Your Site Logs Can Help You Make A Ton Of Money
I’m a busy guy. I own several traditional brick and mortar businesses, and I spend a lot of time online. Since last month I’ve been spending a lot of time working on this blog and re-orienting myself on the Net.
So every morning I let my four dogs out, grab a cup of coffee and toast a bagel, then run upstairs and get on my computer. Some days I need to be out of the house at 9:00 AM to get somewhere, and some days I have nothing but time. Either way there are three things I do every morning after looking over my emails. First I go and post an article to five different article sites. This ensures that a steady stream of new one-way links to this website is being produced.
Then I go to my RSS reader and poke around for a while on the forums and blogs to see what is going on. I keep a notebook next to my computer and write down anything that I think I can use later. Then I get to the most interesting and important part of the morning — I go to my awstats page.
Awstats is a basic site log analysis program that comes with most host accounts. I’ve always wondered how accurate the hit counts and other numbers really are, but that doesn’t matter because I’m not looking for counts…I’m looking for trends.
Reviewing and understanding your site traffic logs can help you make more money by tailoring your site to meet the needs of your visitors.
The first place I stop is my average page counts by day of week. I’ve noticed on AffiliateBlog that the traffic starts off strong on Monday, builds through Wednesday, then starts to trail off. There’s a small spike Saturday morning, but it’s a classic bell curve otherwise. What does this mean? It means that if I have something that I think is going to be well received I try to publish it on Sunday and get my pinging done for Monday. I’ve also noticed that my RSS Feed subscribership follows the same pattern. This all makes sense, because people start off the week strong and end it tired — including me.
I breeze by the countries and note the flags because I think it’s cool. Next I stop at the section that shows the robots visiting the site. I make sure all of them have been there recently (especially Google), and I make a note if it looks like something is not right. I recently realized that one of the minor robots had never visited, so I went to the site and submitted a listing. If you’re curious about all the robots out there, go to Robotstxt.com and take a look. Make sure the major robots on the list have visited your site in the last month. If not, you need to get them there. I’ve noticed that MSN, Yahoo and Google (in that order) visit my site the most. You need regular robot visits to ensure your latest content is indexed and available to prospective visitors.
Now we get to the fun part — the list of the most-viewed pages. This tells you which content people are most interested in, and which content isn’t really making the grade. The most popular post on AffiliateBlog has been The Ten Top Paying Programs at Commission Junction This Week. Oddly enough, a similar post about Shareasale is much farther down the list, meaning that people want to hear about top paying programs, but they want to hear about Commission Junction as well. I always watch for posts that climb up the line fast, and I always take note of them to brainstorm another entry that my visitors might like.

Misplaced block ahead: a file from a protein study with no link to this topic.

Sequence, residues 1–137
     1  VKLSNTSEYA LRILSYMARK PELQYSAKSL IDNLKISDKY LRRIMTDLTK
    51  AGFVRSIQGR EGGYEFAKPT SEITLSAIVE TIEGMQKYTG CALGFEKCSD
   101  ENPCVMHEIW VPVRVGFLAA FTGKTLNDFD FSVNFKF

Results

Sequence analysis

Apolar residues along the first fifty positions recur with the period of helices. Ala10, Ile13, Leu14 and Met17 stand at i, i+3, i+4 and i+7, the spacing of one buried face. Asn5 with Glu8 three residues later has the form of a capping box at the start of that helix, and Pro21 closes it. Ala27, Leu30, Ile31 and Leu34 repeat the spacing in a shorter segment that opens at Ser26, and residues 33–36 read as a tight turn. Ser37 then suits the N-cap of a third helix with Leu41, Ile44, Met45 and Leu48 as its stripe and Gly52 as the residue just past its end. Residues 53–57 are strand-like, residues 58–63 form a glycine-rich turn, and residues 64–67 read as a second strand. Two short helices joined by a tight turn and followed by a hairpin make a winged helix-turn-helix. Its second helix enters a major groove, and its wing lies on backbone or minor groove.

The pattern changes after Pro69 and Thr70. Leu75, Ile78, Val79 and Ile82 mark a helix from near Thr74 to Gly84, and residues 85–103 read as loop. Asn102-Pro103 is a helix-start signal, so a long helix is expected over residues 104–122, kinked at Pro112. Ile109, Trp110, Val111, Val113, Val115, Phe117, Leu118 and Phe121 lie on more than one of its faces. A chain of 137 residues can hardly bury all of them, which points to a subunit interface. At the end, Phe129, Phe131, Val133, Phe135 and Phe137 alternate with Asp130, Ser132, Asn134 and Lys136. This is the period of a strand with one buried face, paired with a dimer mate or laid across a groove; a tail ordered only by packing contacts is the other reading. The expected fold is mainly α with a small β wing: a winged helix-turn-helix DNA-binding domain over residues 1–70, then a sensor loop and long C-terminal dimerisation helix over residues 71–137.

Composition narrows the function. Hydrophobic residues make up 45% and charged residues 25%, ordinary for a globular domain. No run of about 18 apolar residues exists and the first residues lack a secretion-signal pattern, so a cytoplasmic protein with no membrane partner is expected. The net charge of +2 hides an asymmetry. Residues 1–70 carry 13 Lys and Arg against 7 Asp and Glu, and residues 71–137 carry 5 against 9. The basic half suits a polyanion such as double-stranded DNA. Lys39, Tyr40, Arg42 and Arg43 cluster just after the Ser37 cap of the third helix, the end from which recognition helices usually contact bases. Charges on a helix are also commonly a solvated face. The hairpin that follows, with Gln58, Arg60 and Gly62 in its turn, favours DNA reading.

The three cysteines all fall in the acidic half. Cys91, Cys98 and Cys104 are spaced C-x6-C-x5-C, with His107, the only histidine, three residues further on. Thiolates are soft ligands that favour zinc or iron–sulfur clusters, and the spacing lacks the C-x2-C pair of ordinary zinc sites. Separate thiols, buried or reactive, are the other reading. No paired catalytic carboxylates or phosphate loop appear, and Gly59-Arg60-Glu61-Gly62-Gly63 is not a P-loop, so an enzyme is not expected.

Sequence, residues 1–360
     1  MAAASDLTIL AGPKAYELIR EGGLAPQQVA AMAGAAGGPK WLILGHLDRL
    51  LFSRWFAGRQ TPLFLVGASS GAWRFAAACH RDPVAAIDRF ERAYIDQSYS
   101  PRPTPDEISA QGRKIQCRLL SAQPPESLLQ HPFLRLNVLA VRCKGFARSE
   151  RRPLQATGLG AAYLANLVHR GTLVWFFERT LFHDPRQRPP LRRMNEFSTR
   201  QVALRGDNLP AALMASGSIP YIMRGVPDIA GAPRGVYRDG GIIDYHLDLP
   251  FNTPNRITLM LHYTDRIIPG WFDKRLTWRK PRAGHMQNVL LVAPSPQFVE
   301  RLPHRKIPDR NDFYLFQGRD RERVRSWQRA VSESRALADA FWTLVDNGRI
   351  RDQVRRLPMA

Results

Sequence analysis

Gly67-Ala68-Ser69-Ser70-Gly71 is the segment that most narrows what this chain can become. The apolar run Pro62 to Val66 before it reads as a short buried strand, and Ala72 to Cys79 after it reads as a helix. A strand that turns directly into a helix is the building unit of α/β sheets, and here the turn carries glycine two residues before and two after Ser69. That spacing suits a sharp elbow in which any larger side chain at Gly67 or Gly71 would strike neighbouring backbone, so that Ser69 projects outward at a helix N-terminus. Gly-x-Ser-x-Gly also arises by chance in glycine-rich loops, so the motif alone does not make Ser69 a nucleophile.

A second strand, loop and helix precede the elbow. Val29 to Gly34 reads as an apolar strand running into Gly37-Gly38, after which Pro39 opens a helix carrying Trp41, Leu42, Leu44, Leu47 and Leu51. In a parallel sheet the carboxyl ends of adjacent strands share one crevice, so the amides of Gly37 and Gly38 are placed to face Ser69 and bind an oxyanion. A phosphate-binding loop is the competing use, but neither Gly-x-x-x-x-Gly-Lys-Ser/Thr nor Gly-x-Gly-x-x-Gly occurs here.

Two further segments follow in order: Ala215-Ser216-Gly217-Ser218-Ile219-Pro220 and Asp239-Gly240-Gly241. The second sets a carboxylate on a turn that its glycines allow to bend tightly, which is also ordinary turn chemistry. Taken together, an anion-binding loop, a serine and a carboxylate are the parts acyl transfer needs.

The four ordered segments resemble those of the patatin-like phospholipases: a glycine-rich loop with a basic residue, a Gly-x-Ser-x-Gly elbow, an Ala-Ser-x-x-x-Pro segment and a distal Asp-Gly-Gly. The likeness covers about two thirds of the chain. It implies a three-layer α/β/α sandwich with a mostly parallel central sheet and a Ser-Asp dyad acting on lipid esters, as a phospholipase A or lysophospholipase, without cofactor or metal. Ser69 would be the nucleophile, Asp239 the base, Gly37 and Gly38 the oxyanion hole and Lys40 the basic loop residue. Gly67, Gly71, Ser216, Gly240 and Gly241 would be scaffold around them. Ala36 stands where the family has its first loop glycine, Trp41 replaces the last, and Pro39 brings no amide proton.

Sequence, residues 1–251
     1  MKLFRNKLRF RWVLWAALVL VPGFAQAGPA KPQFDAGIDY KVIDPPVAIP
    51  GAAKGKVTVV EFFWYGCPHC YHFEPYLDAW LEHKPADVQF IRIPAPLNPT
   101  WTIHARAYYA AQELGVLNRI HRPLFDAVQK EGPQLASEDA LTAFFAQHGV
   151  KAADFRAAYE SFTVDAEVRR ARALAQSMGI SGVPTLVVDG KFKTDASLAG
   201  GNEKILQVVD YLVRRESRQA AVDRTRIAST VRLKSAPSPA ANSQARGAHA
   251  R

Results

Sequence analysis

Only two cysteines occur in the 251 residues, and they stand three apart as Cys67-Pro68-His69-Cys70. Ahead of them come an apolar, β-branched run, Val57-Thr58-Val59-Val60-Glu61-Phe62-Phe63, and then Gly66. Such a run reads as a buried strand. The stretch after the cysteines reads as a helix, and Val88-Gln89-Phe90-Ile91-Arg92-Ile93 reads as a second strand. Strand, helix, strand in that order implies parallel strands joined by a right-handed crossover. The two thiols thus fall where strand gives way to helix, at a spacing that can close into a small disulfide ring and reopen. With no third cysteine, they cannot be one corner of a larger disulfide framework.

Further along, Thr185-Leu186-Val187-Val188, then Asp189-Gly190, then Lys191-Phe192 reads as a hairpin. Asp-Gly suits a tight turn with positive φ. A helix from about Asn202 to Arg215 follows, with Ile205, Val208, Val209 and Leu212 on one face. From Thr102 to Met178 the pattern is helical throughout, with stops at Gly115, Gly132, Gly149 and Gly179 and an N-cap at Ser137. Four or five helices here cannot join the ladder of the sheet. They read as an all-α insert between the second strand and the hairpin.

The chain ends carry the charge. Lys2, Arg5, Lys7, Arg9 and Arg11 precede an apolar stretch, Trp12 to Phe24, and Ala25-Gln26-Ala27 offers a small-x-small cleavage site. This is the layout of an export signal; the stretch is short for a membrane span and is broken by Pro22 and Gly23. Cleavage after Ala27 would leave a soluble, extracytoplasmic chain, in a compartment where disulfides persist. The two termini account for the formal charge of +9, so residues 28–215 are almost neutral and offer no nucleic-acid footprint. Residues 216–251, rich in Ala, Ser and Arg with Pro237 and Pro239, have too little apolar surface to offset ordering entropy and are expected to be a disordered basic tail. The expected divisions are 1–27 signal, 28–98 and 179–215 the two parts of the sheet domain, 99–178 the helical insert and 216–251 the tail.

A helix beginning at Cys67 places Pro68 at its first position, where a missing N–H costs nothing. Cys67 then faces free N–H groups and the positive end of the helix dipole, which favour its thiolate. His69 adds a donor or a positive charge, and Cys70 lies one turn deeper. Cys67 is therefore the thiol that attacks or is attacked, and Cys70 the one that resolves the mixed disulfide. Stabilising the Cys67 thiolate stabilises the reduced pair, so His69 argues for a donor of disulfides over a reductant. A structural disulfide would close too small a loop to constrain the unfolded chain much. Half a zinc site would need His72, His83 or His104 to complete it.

I get some search engine traffic but not much, so I glance at the keywords. Judging by some of the keywords that appear there, this section isn’t very accurate.
Still there? Okay…listen up. Here’s where you can really multiply your traffic, find some compatriots to work with and get some terrific insights into the minds of your visitors. Move down to the section that shows the external web sites that people are coming from. Understand…this is where your visitors saw something about you and clicked on it.
Go through this entire list. I look for blog sites, web sites, social bookmarking sites (like del.icio.us) and forums that have not appeared before or have moved up fast. I click on the link and see where it leads. Then I see the context in which my website appears.
Just as I do for people who trackback my blog (refer to it in their blog), I follow each link, get an email address and send off a quick email to the person thanking them for taking the time to mention my site. Nothing fancy — just a quick thanks is fine.
The responses I get back are terrific. I would say that a large majority of them (80% probably) are responded to with amazement that I would take the time to acknowledge their actions. But why wouldn’t I? If someone takes the time to recommend you the least you can do is acknowledge that recommendation and be grateful for it.
I love the site list because I find out some really interesting things. For example, my trackback to Google’s blog when they bought Writely was actually listed on the Google blog page and brought me some traffic. And I was on the front page of del.icio.us for a little while…long enough to get some hits that way too. It’s really interesting, and it’s really fun to go through. Sigh…I am a dork.
One last observation…I noticed that the people bookmarking my page hovers between 7 – 10%, which isn’t bad. My RSS feed list at Feedburner hovers at about the same range throughout the month, meaning that more people bookmark the site than sign up for RSS feeds. I’ve pondered this all month, and I’ve decided that a large majority of my visitors don’t use RSS regularly. That’s why the new crimson box at the top of my blog pages has appeared today. I put together an email version of my RSS feed in digest form that I’m going to make available weekly.
So there’s a ton of information out there in that log file — you just need to go over it carefully and think.